Friday, December 05, 2014

Momma and Madam Alexander


I have said that my mother spoiled me when I was little.  It’s easy to say but hard to explain what I mean by this.

Think about the time.  It was the early 60s and my mother was a single woman.  Nowadays, single motherhood has become so common that people don’t blink an eye when they ask me if my three children share the same baby-daddy.  Back in the 60s, being a single mother was still, if not quite scandalous, at least a bit tainted.  She lied about my father, saying he had died, because being a widow was more acceptable than the possibility that someone might think her a whore.

The first six years of my life, we lived on the lower Eastside in a cold water walk-up in a railway apartment.  She couldn’t afford a cradle and lay me in a drawer she had pulled from a dresser. We had few luxuries.  I grew up without a television and she went without dental care.  But I never remember being bored or believed I couldn’t have anything I wanted. 

I wish I had some photos of those early Christmas days, the tree surrounded with gifts.  The sheer volume of gifts is outrageous.  Only one child in the home and there would be twenty or more gifts, not to mentioned those overstuffed tights.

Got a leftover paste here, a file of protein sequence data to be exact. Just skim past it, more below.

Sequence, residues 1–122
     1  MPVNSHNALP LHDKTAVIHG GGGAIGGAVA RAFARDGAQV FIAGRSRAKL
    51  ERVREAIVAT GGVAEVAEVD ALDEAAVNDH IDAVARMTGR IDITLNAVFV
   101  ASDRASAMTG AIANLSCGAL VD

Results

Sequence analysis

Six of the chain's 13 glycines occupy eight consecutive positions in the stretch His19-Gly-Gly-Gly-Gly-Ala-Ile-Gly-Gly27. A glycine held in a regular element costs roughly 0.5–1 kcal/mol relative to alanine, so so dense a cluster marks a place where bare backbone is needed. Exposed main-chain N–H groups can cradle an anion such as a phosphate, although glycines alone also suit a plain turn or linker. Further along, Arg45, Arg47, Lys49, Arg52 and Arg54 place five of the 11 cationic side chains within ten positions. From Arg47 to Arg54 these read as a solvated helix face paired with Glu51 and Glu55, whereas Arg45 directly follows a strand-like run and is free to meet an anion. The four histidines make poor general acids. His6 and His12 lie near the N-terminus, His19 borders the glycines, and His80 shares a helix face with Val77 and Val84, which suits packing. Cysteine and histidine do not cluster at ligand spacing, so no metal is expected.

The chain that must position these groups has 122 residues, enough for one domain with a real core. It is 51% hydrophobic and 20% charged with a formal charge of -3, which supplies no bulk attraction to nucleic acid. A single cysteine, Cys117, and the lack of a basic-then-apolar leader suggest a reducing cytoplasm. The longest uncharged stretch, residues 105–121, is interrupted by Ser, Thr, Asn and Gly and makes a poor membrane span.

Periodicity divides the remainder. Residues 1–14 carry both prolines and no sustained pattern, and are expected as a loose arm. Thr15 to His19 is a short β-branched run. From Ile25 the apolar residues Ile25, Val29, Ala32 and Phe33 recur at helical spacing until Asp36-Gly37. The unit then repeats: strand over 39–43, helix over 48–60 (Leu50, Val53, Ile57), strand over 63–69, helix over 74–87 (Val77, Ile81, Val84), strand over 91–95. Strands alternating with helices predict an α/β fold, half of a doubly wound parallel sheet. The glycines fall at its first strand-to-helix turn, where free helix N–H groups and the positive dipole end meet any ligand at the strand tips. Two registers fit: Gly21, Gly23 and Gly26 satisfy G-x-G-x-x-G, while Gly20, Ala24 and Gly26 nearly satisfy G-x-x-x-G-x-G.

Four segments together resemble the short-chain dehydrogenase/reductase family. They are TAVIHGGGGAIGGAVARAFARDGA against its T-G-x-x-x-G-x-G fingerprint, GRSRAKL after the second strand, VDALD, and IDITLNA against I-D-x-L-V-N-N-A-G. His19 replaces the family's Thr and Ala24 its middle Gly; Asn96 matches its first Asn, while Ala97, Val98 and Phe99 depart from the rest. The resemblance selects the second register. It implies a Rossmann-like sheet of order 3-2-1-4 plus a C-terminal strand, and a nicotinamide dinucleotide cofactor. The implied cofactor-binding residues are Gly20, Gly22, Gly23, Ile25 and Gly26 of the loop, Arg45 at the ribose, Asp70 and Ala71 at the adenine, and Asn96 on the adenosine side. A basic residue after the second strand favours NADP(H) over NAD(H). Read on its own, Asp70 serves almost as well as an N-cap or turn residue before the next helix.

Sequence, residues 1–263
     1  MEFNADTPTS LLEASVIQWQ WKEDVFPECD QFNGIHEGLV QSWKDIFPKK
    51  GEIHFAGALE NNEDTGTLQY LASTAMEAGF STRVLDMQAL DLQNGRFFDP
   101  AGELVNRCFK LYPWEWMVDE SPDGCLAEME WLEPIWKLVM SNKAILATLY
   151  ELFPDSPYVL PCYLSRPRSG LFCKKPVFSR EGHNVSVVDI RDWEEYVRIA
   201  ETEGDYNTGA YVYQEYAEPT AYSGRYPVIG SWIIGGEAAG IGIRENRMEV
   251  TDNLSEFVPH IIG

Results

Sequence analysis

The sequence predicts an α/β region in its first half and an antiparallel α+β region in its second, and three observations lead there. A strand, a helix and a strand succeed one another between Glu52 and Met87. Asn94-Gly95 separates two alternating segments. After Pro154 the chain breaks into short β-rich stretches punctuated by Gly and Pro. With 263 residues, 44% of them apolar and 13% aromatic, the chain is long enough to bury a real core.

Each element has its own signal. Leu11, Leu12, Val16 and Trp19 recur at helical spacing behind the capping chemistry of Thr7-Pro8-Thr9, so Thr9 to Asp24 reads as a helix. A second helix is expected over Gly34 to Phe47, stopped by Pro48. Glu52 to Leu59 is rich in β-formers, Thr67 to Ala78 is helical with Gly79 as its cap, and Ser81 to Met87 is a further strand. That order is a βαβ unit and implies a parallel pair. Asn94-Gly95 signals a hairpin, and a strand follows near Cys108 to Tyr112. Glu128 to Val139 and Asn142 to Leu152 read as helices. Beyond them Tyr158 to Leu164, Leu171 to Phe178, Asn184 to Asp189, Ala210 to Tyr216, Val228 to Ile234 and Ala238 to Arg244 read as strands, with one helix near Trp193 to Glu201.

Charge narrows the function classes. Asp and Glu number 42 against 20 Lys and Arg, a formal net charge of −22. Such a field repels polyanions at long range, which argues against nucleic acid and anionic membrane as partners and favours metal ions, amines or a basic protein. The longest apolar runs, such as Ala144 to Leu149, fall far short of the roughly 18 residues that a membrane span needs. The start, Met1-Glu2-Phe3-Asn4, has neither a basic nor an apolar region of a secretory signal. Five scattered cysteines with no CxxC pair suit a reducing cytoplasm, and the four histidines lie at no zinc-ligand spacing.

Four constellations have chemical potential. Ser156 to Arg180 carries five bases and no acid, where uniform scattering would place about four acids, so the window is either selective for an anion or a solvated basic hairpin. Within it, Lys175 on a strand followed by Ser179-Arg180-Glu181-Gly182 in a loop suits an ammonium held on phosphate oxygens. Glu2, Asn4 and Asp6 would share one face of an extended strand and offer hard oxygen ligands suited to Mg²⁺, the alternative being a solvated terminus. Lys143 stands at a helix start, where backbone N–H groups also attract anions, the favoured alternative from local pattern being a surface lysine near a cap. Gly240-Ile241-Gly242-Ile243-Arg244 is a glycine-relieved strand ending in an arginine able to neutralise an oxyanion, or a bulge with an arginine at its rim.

One year she bought me a Madam Alexander doll.  Now, if you are unfamiliar with these dolls, they are not cheap.  Even the low end dolls, the ones not released in limited editions, they run about $200 for the larger sizes and my mother always bought me the larger ones.  I had an Alice in Wonderland doll.  A Degas doll.  A ballerina.  A bride.  A bridesmaid.  And last but not least a Scarlett O’Hara.  Year after year, she gave me a new Madam Alexander doll. 

It’s hard to even imagine the sacrifices my mother made to ensure I had these dolls for so many years.  And these not even equal to the sacrifices she made to her integrity, this woman who valued honesty above all over virtues, every time she spoke the lie that my father had died to shield me from a societal stigma I was too young to understand.  She never taught me about the miracle of the Virgin Birth and such but made my holidays miraculous nonetheless.

4 comments:

  1. A marvelous woman. She created a very strong daughter. I'm sure she was happy to do without things to give you those wonderful dolls.

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    1. I'm just glad I was able to replace them all. It took many years but I now have replaced each of the dolls that I thought I could never, would ever, replace.

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  2. Your mother was a wonderful woman. Lovely and touching post, Satia.

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    1. She really was. She has a very generous heart.

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